anion transport carriers
 Steroid and xenobiotic receptors stimulate
production of cytochrome P450 enzymes

Marc Imhotep Cray, M.D. 51
Secretion of Glucose, Triglycerides and
Ketones
 Liver helps regulate blood glucose
concentration by:
 Glycogenesis and lipogenesis
 Glycogenolysis and gluconeogenesis
 Contains enzymes required to convert free fatty
acids into ketone bodies

Marc Imhotep Cray, M.D. 52
Production of Plasma Proteins
 Albumin and most of plasma globulins (except
immunoglobulins) are produced by liver
 Albumin:
 Constitutes 70% of total plasma protein
o Contributes most to colloid osmotic pressure in blood
 Globulins:
 Transport cholesterol and hormones
 Inhibit trypsin
 Produce blood clotting factors I, II, III, V, VII, IX, XI

Marc Imhotep Cray, M.D. 53
Gallbladder
 Sac-like organ attached to inferior surface of
liver
 Stores and concentrates bile
 When gallbladder fills with bile, it expands
 Contraction of muscularis layer of gallbladder
ejects bile into common bile duct into duodenum
 When small intestine is empty, sphincter of
Oddi closes
 Bile is forced up to cystic duct to gallbladder
Marc Imhotep Cray, M.D. 54
Pancreas
 Exocrine:
Acini:
oSecrete pancreatic juice
 Endocrine:
Islets of Langerhans:
oSecrete insulin and
glucagon

Fox SI. Human Physiology 12th ed. New York, NY: McGraw-Hill, 2011.

Marc Imhotep Cray, M.D. 55
Pancreatic Juice
• Contains H20, HC03- and digestive enzymes

Fox SI. Human Physiology 12th ed. New York, NY: McGraw-Hill, 2011.

Marc Imhotep Cray, M.D. 56
Pancreatic Juice
• Complete digestion of food
requires action of both
pancreatic and brush border
enzymes.
• Most pancreatic enzymes are
produced as zymogens.
• Trypsin (when activated by
enterokinase) triggers the
activation of other pancreatic
enzymes.
• Pancreatic trypsin inhibitor
attaches to trypsin.
• Inhibits its activity in the
pancreas. Fox SI. Human Physiology 12th ed. New York, NY: McGraw-Hill, 2011.

Marc Imhotep Cray, M.D. 57
Neural and Endocrine Regulation
Neural and endocrine mechanisms modify activity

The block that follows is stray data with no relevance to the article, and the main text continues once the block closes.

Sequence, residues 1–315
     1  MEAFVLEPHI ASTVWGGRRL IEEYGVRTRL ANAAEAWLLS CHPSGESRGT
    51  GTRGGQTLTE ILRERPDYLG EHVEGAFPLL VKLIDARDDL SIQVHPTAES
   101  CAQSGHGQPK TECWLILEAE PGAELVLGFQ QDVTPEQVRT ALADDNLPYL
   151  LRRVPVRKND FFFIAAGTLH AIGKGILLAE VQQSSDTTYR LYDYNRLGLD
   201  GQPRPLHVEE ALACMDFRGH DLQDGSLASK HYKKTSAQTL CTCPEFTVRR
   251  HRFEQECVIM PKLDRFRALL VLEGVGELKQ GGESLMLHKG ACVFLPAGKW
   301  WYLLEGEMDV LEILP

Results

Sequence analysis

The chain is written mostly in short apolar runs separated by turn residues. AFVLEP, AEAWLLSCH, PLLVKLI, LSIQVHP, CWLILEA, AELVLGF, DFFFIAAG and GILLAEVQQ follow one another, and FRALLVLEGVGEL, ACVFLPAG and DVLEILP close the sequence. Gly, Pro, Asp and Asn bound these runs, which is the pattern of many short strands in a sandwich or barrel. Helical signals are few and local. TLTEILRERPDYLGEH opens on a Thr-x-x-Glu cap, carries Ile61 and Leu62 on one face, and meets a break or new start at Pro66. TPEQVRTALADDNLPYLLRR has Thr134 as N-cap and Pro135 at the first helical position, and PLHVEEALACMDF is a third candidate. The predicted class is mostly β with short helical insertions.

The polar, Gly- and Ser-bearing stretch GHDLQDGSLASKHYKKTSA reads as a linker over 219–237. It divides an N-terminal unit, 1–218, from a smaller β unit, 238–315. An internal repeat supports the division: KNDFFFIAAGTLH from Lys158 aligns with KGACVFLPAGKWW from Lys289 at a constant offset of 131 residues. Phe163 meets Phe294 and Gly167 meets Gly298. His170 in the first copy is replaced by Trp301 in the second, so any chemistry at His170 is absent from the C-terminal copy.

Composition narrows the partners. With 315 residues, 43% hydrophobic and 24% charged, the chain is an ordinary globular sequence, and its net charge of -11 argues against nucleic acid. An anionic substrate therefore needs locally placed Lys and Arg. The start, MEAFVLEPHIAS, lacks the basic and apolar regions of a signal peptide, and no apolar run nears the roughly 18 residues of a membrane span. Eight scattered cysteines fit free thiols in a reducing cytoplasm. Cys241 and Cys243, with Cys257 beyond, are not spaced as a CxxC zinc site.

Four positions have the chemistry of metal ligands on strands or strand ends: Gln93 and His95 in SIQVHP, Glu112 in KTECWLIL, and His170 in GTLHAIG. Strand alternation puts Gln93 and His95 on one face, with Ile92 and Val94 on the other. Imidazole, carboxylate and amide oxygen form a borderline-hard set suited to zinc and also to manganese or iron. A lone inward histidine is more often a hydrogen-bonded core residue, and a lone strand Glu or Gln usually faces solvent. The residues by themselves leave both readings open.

of GI system
GI tract is both an endocrine gland, and a target for
action of hormones

Marc Imhotep Cray, M.D. 58
Regulation of Gastric Function
 Gastric motility and secretion are automatic
 Waves of contraction are initiated
spontaneously by pacesetter cells
 Extrinsic control of gastric function is divided
into 3 phases:
 Cephalic phase
 Gastric phase
 Intestinal phase

Marc Imhotep Cray, M.D. 59
Cephalic Phase
 Stimulated by sight, smell, and taste of food
 Activation of vagus:
 Stimulates chief cells to secrete pepsinogen
 Directly stimulates G cells to secrete gastrin
 Directly stimulates ECL cells to secrete histamine
 Indirectly stimulates parietal cells to secrete HCl
 Continues into 1st 30 min. of a meal

Marc Imhotep Cray, M.D. 60
Gastric Phase
 Arrival of food in stomach stimulates gastric phase
 Gastric secretion stimulated by:
oDistension
oChemical nature of chyme (amino acids and short
polypeptides)
• Stimulates G cells to secrete gastrin
• Stimulates chief cells to secrete pepsinogen
• Stimulates ECL cells to secrete histamine
Histamine stimulates secretion of HCl
oPositive feedback effect
• As more HCl and pepsinogen are secreted, more polypeptides
and amino acids are released
Marc Imhotep Cray, M.D. 61
Gastric Phase cont.
 Secretion of HCl is also regulated
by a negative feedback effect:
 HCl secretion decreases if pH
< 2.5
 At pH of 1.0, gastrin secretion
ceases
o D cells stimulate secretion
of somatostatin
Paracrine regulator to
inhibit secretion of gastrin

Marc Imhotep Cray, M.D. Fox SI. Human Physiology 12th ed. New York, NY: McGraw-Hill, 2011. 62
Intestinal Phase
 Inhibits gastric activity when chyme enters small
intestine
 Arrival of chyme increases osmolality and distension
 Activates sensory neurons of vagus and produces an
inhibitory neural reflex:
oInhibits gastric motility and secretion
oIn presence of fat, enterogasterone inhibits gastric motility
and secretion
 Hormone secretion:
 Inhibit gastric activity:
oSomatostatin, CCK, and GLP-1

Marc Imhotep Cray, M.D. 63
Enteric Nervous System
Submucosal and myenteric plexuses contain 100
million neurons

Include preganglionic parasympathetic axons,